2. We know that screen time has been linked to feelings of loneliness, poor health and even addictive behaviors. Putting students in front of screens more and without guidance, is something we should consider with great caution.
  3. An important part of learning and growing into a responsible and empathetic person in the world is being able to understand different points of view. The more we send students down their own private, protected learning path in their own private, learning bubbles, the more we deprive students of the opportunity to develop skills like collaboration, listening, and communication. Knowing how to deal with people who hold a different opinion or perspective, how to wait for someone in class who needs extra time to catch up, or how help your neighbor is important. The world needs people who are aware of the community around them, who will be kind, helpful, and able to solve problems with and for others.

Risk Three: Extensive Use of Technology for Assessment

When we rely on technology for assessment we do so at the cost of critical thought. If we want students to think critically and creatively, we can’t rely on computers to help them do that and give them feedback. If we want students to know how to pick the right answer from a list, then by all means, let’s use computers!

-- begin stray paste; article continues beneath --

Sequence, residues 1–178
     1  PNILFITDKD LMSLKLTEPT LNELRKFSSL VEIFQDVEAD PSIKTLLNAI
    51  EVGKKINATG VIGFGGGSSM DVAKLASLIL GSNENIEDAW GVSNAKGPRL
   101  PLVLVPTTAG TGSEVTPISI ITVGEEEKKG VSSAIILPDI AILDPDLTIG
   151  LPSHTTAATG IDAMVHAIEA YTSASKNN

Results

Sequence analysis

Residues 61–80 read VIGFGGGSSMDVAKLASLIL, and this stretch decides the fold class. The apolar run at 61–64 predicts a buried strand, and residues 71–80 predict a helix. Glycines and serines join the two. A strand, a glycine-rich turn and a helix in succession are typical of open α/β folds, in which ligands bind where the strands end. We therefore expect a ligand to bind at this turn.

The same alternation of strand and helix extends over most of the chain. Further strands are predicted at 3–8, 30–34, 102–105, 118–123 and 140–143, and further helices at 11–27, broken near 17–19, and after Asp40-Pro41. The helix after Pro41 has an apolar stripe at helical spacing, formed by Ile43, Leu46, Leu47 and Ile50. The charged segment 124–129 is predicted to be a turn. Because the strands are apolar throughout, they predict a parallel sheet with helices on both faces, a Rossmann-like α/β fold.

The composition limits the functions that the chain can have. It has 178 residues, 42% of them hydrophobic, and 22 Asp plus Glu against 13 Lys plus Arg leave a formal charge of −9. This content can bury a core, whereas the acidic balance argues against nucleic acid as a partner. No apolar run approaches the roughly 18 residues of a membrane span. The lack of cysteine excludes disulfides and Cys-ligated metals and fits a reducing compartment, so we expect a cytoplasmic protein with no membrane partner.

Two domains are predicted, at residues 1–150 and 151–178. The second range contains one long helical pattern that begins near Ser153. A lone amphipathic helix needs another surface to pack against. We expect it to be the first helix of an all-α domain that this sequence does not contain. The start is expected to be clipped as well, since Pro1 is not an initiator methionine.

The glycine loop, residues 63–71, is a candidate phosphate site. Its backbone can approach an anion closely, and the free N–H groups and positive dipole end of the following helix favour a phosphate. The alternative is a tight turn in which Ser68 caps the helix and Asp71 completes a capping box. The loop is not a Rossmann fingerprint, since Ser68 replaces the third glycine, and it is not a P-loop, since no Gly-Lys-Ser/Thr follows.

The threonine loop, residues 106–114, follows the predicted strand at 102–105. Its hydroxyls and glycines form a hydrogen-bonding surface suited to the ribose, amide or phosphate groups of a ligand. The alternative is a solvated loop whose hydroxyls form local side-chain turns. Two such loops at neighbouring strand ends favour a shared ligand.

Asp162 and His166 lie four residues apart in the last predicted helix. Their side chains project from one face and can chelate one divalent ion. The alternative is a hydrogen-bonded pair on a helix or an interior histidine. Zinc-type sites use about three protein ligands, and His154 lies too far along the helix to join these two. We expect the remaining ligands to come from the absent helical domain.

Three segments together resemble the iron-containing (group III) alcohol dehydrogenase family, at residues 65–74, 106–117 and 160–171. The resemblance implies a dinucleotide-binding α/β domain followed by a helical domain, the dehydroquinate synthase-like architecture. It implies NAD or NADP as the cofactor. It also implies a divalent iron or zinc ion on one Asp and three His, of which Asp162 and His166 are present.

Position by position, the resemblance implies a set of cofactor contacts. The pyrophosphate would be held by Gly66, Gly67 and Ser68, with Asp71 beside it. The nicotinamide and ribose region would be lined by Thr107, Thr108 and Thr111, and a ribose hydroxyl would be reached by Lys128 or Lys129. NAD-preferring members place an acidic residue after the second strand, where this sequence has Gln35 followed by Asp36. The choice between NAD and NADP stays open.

Also, does it worry anyone else that companies want computers to be able to read and grade an essay? I don’t want that. Even if they were good at it, I wouldn’t want that. I want human to human connection. I want essays that lift the spirit and move me. I want students to write essays that they are proud of and excited to share with their peers and family. I want projects that aid the community or solve a real problem. I don’t want my students doing work so that I can feed it into a computer. If that’s the only reason they are doing the work, them I’m wasting their time.

Risk Five: Money in Edtech

We should all be skeptical about the intentions of edtech companies. There are definitely companies and entrepreneurs looking for ways to make money off of schools without investing the research or work necessary to develop products that are safe, effective and rooted in sound educational practices. It’s important to know the company. Do you trust them? Are they good people? Do the founders actually care about education or are they entrepreneurs looking for the next cash cow?